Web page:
Paul Wellstone was my friend and mentor, but he was not my candidate in Minnesota’s 2002 senatorial campaign that brought about his tragic death. I supported Norm Coleman, an erstwhile Democrat who had been driven out of the party because he’s prolife. Coleman ultimately was elected in a close race with Wellstone’s successor, former Vice President Walter Mondale. Mondale aggressively championed abortion rights, and Coleman won with heavy and highly visible Catholic support. "Catholics for Coleman" signs were prominently featured in the campaign. In recent election cycles, polls have shown Catholic voters frequently migrating from their traditional Democratic allegiance to cast Republican votes. The trend is not driven by a loss of Catholic social-justice concerns. It has everything to do with abortion-rights absolutism in the Democratic Party. I’m a representative Catholic voter who exemplifies this trend. I was a student in the first political science classes that Paul Wellstone ever taught at Carleton College. I enjoyed hours of competition with Paul in the Carleton wrestling room (he had been an outstanding college wrestler, and I was the captain of Carleton’s team). Paul’s eloquent social-justice advocacy influenced me to join the McGovern presidential campaign and later to serve as a VISTA lawyer after graduation from Harvard Law School. For nearly three decades, I described myself as a prolife Democrat. I voted for Jimmy Carter and Walter Mondale, wincing at their prochoice views, but swayed by their advocacy for working people, the poor, and the environment. I applauded Paul Wellstone’s championing of those causes in the Senate. In Democratic Party caucuses, I argued the prolife position year after year with little effect. I was always baffled at the capacity of Democrats to denounce economic libertarianism and then to embrace libertarian positions on abortion. When it came to so-called reproductive choice, Paul Wellstone and his protégés all abruptly started to talk like Milton Friedman. Minnesota was one of a handful of states where prolife Democrats were long a genuine political force. Large Catholic populations in farming areas and on the Iron Range made economically progressive, anti-abortion candidates viable. Even today, prolife Democrats represent two rural congressional districts. State party officials and the activists who dominated endorsing conventions were adamantly prochoice, but prolifers were sometimes able to beat the party’s endorsees in primary contests. In 1993, Coleman, a charismatic prolifer, won the Democratic primary and subsequently was elected as the mayor of Saint Paul. This development gladdened the hearts of those of us who had fruitlessly labored for years in the party’s urban precinct caucuses. It seemed possible that we could link Coleman’s urban base with farmer-labor votes in rural areas to elect a prolife Democrat as governor or senator. Those hopes were dashed when prochoice cohorts drove Coleman out of the party. He was booed and shouted down at party meetings, including the 1996 state convention when he spoke to endorse Wellstone and Bill Clinton. When Clinton campaigned in Saint Paul, party organizers spitefully snubbed the mayor by not inviting him to attend. Months later, Coleman joined the Republican Party. Meanwhile, Clinton, Wellstone, and most of the Senate Democrats took prochoice ideology to new extremes. They opposed attempts to outlaw partial-birth abortion-a practice in which a late-term, fully sentient fetus is pulled alive through the birth canal until only its head remains undelivered, then killed with a stab of a surgical scissors. The American Medical Association (AMA) certified that this procedure is never medically necessary. Still, leading Democrats demanded a "health" exception to any ban-a loophole that would allow abortionists to use their own "medical" judgment to provide and employ the procedure whenever they chose. The partial-birth abortion issue and its sequelae have led me to put aside the "prolife Democrat" label. I’m now a political agnostic. I take no delight in voting Republican, but I’m likely to do so for any office that deals with abortion legislation or judicial nominees. The prolife Democratic position is growing untenable. Those who still maintain it should read the U.S. Supreme Court’s decision in Carhart v. Stenberg (2000), including the dissents. Then look at the Web site of the Democratic National Committee (DNC) ( Carhart v. Stenberg struck down a partial-birth abortion ban that had passed the Nebraska state legislature by a vote of forty-five to one (a ban that had been replicated in Congress and in twenty-nine other states). The decision is jarring not just for its outcome, but for its inhuman, desensitized tone. The Court calmly assesses the relative merits of dismembering late-term babies in the vaginal canal by tearing off their arms and legs or by sucking their brains out and crushing their skulls. The discussion is utterly dispassionate and utterly Orwellian. Carhart exemplifies the "darkening of conscience" of which Pope John Paul II warned in Evangelium vitae. When this sort of nihilism is handed down as constitutional law, all human values stand in jeopardy. In tone, in principle, and in cultural ramifications, Carhart and similar cases embody the law of the jungle. The Democratic Party is intent on maintaining Carhart and the whole panoply of current abortion rights, without stint or moderation. Here’s the lead feature on the DNC Web site as of November 15, 2002 (a few days after the midterm elections): Republicans are planning to endanger women’s lives and attack their right to choose as soon as they take control of the Senate, according to Mississippi Senator Trent Lott, who will be the new Majority Leader....Lott announced that criminalizing certain life-saving medical procedures used in abortions was his top legislative priority....The criminalization of so-called "partial-birth abortions" is just the tip of the iceberg for the Republicans, as right-wing, antichoice activists plan a full agenda of legislation designed to restrict a woman’s right to choose (emphasis added). This is Orwellian mendacity. Again, the AMA has stated that partial-birth abortion is never medically indicated, let alone a "life-saving procedure." Support for unrestricted abortion rights has been a litmus test for judicial appointments throughout the past two years, when Democrats controlled the Senate Judiciary Committee. If Democrats control the Senate, no judge with any openness to trimming back Roe v. Wade in any respect will be allowed near the appellate bench. Support for unrestricted abortion rights is mandatory for Democratic Party endorsement for virtually any office in most states. It’s nearly impossible to run as a prolife Democrat in many states with large Catholic populations-Massachusetts, New Jersey, New York. The party simply won’t allow it. Catholic sensitivities are not accommodated to any extent whatever, but are held in open contempt. (California Democrats recently passed a bill compelling Catholic hospitals to train doctors in abortion.) A striking example of contempt for the teachings of the church is enshrined, despite vigorous protests, on the DNC’s Web site. The site includes a link to Catholics for a Free Choice (CFC), an abortion lobby (until recent protests, it was the only "Catholic" listing on the site). CFC is a sham, and has been denounced repeatedly by the American bishops. It has no membership base, no theology, and no ties to the church. It is funded by hundreds of thousands of dollars in grants from large secular foundations-Ford, Rockefeller, and the like. Outrageously enough, it has accepted money from the Playboy Foundation. No serious Catholic should lightly support a political party that promotes this sort of cynical imposture. I freely grant that the Republican Party has great flaws of its own. I don’t like tax cuts skewed to benefit the rich, and I don’t like drilling for oil in wildlife preserves. I’m an agnostic and not a Republican. Yet at this point in our nation’s history, I’m more afraid of Hollywood and its values (Hollywood being a principal financier of the Democratic Party) than I am of the oil companies and theirs. With nihilism widespread in the courts, and with the brave new world of biotechnology heaving over the horizon, few things seem more urgent than keeping judicial appointments and other key cultural levers out of Democratic hands. I have an undiminished desire for a party that embodies Catholic social-justice teaching-one that is both prolife and propoor. Neither party provides a good prospect for this, but conceivably it could develop from Republican "compassionate conservatism." It can’t arise where people are bent upon preserving Carhart v. Stenberg. When Democrats declare "choice" the highest value, they forfeit their ability to critique coherently free-market arguments and to advocate for the poor. The Republicans at least know that life is sacred. Every social-justice initiative ultimately depends on that.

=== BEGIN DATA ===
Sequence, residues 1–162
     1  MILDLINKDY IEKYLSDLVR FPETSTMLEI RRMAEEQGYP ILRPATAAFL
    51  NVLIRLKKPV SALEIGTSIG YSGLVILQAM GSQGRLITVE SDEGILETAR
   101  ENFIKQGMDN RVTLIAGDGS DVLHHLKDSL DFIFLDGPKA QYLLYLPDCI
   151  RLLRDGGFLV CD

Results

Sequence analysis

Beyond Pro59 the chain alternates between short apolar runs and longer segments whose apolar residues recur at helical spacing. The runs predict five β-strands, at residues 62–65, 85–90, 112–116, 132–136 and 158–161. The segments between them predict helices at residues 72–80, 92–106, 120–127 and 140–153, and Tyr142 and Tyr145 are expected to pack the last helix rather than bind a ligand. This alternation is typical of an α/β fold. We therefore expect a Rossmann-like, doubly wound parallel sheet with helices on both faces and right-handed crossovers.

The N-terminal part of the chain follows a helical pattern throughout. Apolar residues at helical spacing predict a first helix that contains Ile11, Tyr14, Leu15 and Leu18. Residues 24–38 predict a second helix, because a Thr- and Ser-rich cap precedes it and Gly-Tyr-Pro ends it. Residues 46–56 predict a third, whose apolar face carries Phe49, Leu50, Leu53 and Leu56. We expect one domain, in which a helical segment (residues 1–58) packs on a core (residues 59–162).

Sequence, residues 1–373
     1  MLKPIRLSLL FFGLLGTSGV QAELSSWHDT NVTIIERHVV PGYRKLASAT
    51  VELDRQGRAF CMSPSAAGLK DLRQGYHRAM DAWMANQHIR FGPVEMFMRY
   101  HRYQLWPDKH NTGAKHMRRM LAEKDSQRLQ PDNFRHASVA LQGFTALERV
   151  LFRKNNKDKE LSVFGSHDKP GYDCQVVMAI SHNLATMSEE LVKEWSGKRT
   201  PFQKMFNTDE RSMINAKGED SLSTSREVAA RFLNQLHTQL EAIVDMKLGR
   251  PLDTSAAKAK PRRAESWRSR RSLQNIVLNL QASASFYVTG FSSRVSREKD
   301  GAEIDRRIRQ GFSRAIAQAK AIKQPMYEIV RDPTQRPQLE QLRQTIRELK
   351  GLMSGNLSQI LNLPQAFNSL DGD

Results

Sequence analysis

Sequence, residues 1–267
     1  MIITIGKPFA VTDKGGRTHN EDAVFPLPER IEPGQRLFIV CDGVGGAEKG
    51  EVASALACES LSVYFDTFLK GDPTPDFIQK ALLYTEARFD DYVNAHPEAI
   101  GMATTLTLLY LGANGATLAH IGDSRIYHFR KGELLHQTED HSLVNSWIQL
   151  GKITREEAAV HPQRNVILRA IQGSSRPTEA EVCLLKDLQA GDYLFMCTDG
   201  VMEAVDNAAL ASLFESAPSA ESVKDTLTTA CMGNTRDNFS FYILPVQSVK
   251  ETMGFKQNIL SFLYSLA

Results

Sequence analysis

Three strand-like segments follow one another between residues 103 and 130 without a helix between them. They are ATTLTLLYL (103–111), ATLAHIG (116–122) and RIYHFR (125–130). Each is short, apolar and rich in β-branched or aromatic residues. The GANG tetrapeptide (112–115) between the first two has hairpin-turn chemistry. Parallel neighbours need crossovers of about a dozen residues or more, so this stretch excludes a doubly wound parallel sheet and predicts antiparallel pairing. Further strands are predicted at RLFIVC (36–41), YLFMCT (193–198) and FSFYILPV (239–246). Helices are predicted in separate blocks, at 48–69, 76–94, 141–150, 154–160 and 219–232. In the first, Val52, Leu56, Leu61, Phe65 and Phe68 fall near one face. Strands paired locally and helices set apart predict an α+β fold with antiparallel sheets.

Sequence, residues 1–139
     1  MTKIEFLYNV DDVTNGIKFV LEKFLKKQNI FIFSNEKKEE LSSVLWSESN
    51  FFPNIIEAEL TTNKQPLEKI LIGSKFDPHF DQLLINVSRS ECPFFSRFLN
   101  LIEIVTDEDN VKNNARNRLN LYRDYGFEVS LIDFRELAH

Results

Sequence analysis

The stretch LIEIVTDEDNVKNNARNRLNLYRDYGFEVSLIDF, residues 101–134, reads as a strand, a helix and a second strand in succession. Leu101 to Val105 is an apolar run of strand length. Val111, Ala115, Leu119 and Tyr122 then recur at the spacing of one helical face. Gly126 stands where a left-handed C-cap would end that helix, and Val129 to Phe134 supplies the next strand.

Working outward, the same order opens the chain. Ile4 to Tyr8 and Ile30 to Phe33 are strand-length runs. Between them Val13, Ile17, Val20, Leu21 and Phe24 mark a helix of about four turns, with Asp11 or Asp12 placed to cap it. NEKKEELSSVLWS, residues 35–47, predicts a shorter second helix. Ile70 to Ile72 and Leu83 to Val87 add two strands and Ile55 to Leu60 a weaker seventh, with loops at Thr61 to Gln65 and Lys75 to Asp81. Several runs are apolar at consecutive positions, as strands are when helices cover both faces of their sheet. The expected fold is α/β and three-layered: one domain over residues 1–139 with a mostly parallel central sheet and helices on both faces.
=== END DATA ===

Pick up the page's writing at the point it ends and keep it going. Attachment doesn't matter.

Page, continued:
John D. Hagen Jr. is a lawyer in Minnesota.

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Published in the 2003-01-17 issue: View Contents